It is worth noting that hospitality to strangers is modeled biblically not only on an individual basis, but also on a systemic, or structural, level. Stated another way, God’s grace was extended to immigrants on a structural level through the legal requirements of the Mosaic law. Within an agrarian economy based upon land ownership and kinship networks, immigrants, or ger, were an extremely vulnerable population. Because of their sojourner status, the ger were excluded from owning land and meaningful participation in the agrarian sector. As a result, they were dependent upon the larger Israelite community for food, employment, and protection from discrimination. They worked in lowly positions as day laborers and in temple building/conscription. In times of drought, crop failure, or disease, immigrants were especially vulnerable because they did not own land and lacked a familial socio-economic net to supply their basic needs.
Structural provision for the basic needs of immigrants is reflected in the gleaning laws and special tithes divinely instituted in the Mosaic law. According to Old Testament law, landowners were to leave the grain along the edges of their fields, and the fallen remnants from harvesting, for the ger.
"When you harvest the crops of your land, do not harvest the grain along the edges of your fields, and do not pick up what the harvesters drop. Leave it for the poor and the foreigners living among you. I am the LORD your God." Leviticus 23:22.
Moreover, every three years, the entire tithe of produce was to be given to the clergy, immigrants, orphans, and widows, “so they can eat in your cities until they are full” (Deuteronomy 26:12 CEB).
Because of their susceptibility to societal discrimination, the Mosaic law also guarantees what might be labeled civil rights protections for the immigrant community:
“When an alien lives with you in your land, do not mistreat him. The alien living with you must be treated as one of your native-born. Love him as yourself, for you were aliens in Egypt. I am the LORD your God.” Leviticus 19: 33-34.
In striking similarity to modern U.S. constitutional law, the Mosaic law also required equitable treatment between immigrants and native Israelites, and prohibited the application of disparate legal codes for the two groups:
“You are to have the same law for the foreigner and the native-born. I am the LORD your God.'" Leviticus 24:22.
These legal requirements bear a striking resemblance to the Equal Protection Clause of the 14th Amendment to the United States Constitution and represent one of its earliest historical precursors.
Returning to the theme of migration as grace, it is important to highlight that migrants often come to know the love of God through the often difficult, immigration process. This is born out in multitudinous biblical examples, including, as previously discussed, the lives of Abraham, Ruth, and Joseph. Others examples include Hagar, Isaac, Jacob, Moses, Joseph, and Mary. In each instance, these biblical characters experienced the grace and provision of God through the migration process, and the end result was the deepening of their faith and relationship with God. The apostle Paul hints at this spiritually transformative aspect of migration in his famous sermon to the learned Areopagus:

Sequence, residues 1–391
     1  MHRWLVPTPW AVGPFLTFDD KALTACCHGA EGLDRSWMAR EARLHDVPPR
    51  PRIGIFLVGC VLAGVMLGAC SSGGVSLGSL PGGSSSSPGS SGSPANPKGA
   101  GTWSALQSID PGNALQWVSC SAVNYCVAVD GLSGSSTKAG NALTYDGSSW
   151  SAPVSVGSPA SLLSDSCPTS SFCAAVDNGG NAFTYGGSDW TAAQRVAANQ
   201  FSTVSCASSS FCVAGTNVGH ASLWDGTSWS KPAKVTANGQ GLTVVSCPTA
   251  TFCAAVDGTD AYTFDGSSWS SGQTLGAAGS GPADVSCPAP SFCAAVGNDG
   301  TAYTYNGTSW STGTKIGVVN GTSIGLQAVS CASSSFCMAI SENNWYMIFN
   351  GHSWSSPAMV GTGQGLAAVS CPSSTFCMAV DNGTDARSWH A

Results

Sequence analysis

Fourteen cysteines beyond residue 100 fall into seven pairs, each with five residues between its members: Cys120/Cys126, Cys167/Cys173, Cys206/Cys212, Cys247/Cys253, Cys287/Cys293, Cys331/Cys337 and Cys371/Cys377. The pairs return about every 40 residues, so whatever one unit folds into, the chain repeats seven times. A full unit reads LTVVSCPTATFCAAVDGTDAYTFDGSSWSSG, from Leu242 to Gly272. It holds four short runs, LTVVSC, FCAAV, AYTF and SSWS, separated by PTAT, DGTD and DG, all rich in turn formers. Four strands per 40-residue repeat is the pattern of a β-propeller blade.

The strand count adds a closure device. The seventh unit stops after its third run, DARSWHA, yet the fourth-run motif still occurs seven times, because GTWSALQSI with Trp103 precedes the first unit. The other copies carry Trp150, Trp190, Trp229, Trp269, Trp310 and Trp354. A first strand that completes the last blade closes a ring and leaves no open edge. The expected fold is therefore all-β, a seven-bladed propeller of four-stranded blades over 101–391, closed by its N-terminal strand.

“From one man he made all the nations, that they should inhabit the whole earth [an implicit reference to migration]; and he marked out their appointed times in history and the boundaries of their lands. 27God did this so that they would seek him and perhaps reach out for him and find him, though he is not far from any one of us.” Acts 17: 26-27.
In as much as the Bible uplifts the spiritual principle of migration as grace, it also offers counterexamples in which migration is treated as “ungrace” and condemned by the Scriptural record. The Exodus narrative is particularly illustrative in this regard. Xenophobia in a time of war led the king of Egypt to cruelly enslave the Israelites and relegate them to forced labor:
“9 He said to his people, ‘Look, the Israelite people are more numerous and more powerful than we. 10 Come, let us deal shrewdly with them, or they will increase and, in the event of war, join our enemies and fight against us and escape from the land.’ 11 Therefore they set taskmasters over them to oppress them with forced labor. They built supply cities, Pithom and Rameses, for Pharaoh.” Exodus 1: 9-11.
When the strategy of oppressive labor proved ineffective to subdue the imagined political threat of the Israelites, Pharaoh then turned to the even more insidious policy of male infanticide:
“12 But the more they were oppressed, the more they multiplied and spread, so that the Egyptians came to dread the Israelites…
15 The king of Egypt said to the Hebrew midwives, one of whom was named Shiphrah and the other Puah, 16 ‘When you act as midwives to the Hebrew women, and see them on the birthstool, if it is a boy, kill him; but if it is a girl, she shall live.’” Exodus 1: 12, 15-16.
As a consequence of its oppression of the Israelite community, Egypt experienced divine judgment in the form of the ten plagues and its miraculous military defeat in the Red Sea:
“7 [Referring to the divine plagues] Pharaoh’s officials said to him, ‘How long shall this fellow be a snare to us? Let the people go, so that they may worship the Lord their God; do you not yet understand that Egypt is ruined?’” Exodus 10:7.
“27 So Moses stretched out his hand over the sea, and at dawn the sea returned to its normal depth. As the Egyptians fled before it, the Lord tossed the Egyptians into the sea. 28 The waters returned and covered the chariots and the chariot drivers, the entire army of Pharaoh that had followed them into the sea; not one of them remained.” Exodus 14: 27-28.
As reflected by the Exodus account, the abuse of immigrant populations is clearly condemned by the biblical record. God takes it seriously when host countries exploit immigrant communities and treat them with “ungrace.”
Robert Chao Romero
 Mother Teresa, In the Heart of the World: Thoughts, Stories and Prayers (Novato: New World Library, 2010).
 Virgilio Elizondo, Galilean Journey: The Mexican American Promise (Ossining: Orbis Books, 2005).
 Rabbi and Rachel Trugman, “Abraham the Hebrew,” Ohr Chadash: New Horizons in Jewish Experience, accessed June 21, 2016, http://thetrugmans.com/673/abraham-the-hebrew/.
 M. Daniel Carroll R., Christians at the Border: Immigration, the Church, and the Bible (Grand Rapids: Baker Academic,2008), 102.